Linked by Thom Holwerda on Tue 18th Mar 2008 21:37 UTC
BSD and Darwin derivatives The MirOS BSD project has released MirOS BSD xi. "The MirOS Project proudly presents release 10 of MirOS BSD: MirOS xi. A mini-ISO for the installation can be downloaded from This image can be burned to a CD and used for installing over the network. The full CD image can be downloaded via BitTorrent. MirOS BSD is a secure operating system, originally based on OpenBSD, for i386 and sparc machines. Read more about it at the 'About MirOS' page.
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Reply to all of you
by mirabilos on Wed 19th Mar 2008 14:34 UTC
Member since:

Since I have started Opera anyway, I think I can
reply to you all now. But please do not expect any
further reply from me here, as this forum is inap-
propriate – it doesn’t let me respond with Lynx,
and I do not want to be forced to use a GUI browser.

> From Wikipedia:

I did not write the Wikipedia entry, nor did I ever
see it, as the licence of Wikipedia is unfree enough
to forbid me looking at it (the anti-DRM clause hits,
as the browser stores a local copy, and I have encryp-
ted filesystems).

> One of the projects goals is to port the MirOS to
> run on the Linux kernel

We could do that, in theory, but it’s not a project
goal. Actually, we just don’t have the manpower to
maintain it. (And I don’t want to go to the pain to
do the initial porting effort rigt now – there are
a lot more important things to do.)

I suggest you use official documents instead of un-
reliable non-freely-licenced third party documenta-

@swishy: the MirPorts Framework being portable has
not much to do with the MirOS base system running
on several platforms (although it could be seen as
a first step). We do whatever we deem interesting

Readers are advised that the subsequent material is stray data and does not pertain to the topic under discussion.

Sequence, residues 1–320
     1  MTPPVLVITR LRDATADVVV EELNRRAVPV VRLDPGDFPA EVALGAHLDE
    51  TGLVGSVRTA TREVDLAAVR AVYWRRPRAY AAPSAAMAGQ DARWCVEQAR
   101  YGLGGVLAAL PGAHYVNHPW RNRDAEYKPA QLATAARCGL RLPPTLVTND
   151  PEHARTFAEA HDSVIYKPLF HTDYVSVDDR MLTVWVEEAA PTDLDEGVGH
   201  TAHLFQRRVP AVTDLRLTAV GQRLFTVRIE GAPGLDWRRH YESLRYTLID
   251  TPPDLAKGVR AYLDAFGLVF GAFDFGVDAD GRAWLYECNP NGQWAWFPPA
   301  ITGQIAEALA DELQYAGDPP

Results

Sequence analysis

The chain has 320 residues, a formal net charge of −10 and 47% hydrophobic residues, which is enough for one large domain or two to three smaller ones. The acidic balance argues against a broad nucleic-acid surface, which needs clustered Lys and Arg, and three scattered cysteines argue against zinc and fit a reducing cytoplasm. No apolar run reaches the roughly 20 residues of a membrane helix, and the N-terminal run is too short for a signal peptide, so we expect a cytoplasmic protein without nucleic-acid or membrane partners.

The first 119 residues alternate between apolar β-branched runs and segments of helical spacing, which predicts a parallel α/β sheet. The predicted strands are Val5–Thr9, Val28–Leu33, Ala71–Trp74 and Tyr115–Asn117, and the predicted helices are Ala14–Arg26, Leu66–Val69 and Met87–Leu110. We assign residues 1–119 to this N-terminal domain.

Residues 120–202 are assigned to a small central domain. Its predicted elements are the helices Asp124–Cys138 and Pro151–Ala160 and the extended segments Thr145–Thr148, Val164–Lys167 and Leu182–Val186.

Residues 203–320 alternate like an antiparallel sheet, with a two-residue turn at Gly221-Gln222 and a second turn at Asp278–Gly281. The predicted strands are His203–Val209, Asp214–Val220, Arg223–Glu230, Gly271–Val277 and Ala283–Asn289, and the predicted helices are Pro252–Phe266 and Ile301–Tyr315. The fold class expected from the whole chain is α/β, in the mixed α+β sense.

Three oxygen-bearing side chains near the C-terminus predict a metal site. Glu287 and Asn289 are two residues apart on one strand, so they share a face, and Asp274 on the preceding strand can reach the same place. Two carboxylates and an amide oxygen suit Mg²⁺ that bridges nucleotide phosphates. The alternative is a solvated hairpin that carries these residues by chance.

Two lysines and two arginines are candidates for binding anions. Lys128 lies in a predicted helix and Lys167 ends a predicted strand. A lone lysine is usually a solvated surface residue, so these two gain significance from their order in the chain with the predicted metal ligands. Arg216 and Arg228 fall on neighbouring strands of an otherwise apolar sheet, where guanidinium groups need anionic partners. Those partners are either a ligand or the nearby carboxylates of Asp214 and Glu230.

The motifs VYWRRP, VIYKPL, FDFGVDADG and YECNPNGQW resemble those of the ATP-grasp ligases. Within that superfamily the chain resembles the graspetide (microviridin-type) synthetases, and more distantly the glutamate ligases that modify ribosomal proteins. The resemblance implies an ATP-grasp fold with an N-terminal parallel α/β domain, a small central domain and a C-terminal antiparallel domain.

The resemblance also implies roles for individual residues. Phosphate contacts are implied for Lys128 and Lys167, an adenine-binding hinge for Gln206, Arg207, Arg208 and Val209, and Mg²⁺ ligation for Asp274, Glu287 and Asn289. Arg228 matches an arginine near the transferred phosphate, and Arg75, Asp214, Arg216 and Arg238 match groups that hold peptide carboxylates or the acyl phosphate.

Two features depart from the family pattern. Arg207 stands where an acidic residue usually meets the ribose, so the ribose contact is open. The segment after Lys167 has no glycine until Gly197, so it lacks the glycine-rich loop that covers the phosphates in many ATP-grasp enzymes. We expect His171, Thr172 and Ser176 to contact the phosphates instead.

and/or useful and can do with our limited time, as
we (developers) have a real life to live.

@fithisux: MirOS and MidnightBSD do coöperate. We
do not waste time, and we have different project
goals and a different code base, but some things
we do together (e.g. we do PR for the other project
where we can, and MidnightBSD has replaced pdksh/oksh
by mksh, and MirPorts work on MidnightBSD, and we sit
in each other’s IRC channels and help each other).
But there won’t be too much code sharing, since mnbsd
used fbsd as their base, which is so totally unlike
any traditional BSD.

@Konjofsky: thanks.
It’s quite an effort to ensure this for all the
applications, but this from /etc/profile:
export XDG_CACHE_HOME=$HOME/.etc/xdg/cache
export XDG_CONFIG_HOME=$HOME/.etc/xdg/config
export XDG_DATA_HOME=$HOME/.etc/xdg/data
… helps, and we patched some of the software via
MirPorts. Not all, though, mind you. Diffs welcome.

@Oliver: „the“ desktop does not exist. MirBSD, for
example, has a much more up-to-date GNOME than OpenBSD,
even if end-user desktops are not one of our primary
target groups. Things are not exclusive. While I’d
like to get more of the embedded market, we remain a
general-purpose multi-platform operating system.

@irbis: the BSD kernel isn’t going to be dropped. The
Linux kernel would only be supported since a friend of
mine wanted to play 3D FPS games…

There _is_ a kernel I’d like to actually support as an
alternative to the BSD kernel. The problem is that it’s
not yet written.
The BSD kernel was not designed with multiprocessing in
mind, so I refuse to do hacks like OpenBSD to add SMP
to it in a biglock style (which even slows things down).
For proper MP (asymmetric, too) support, almost all of
the non-driver-code in the kernel (and some driver
parts) would have to be rewritten – while keeping the
BSD spirit and the APIs (BSD, but also compat_*(8)).
Since it does not exist, and no MirOS developer has
enough spare time, will and capabilities to support
that, this will be left to academics.


If you have any further questions, please use the
appropriate places to ask – the IRC channel or mailing


Reply Score: 3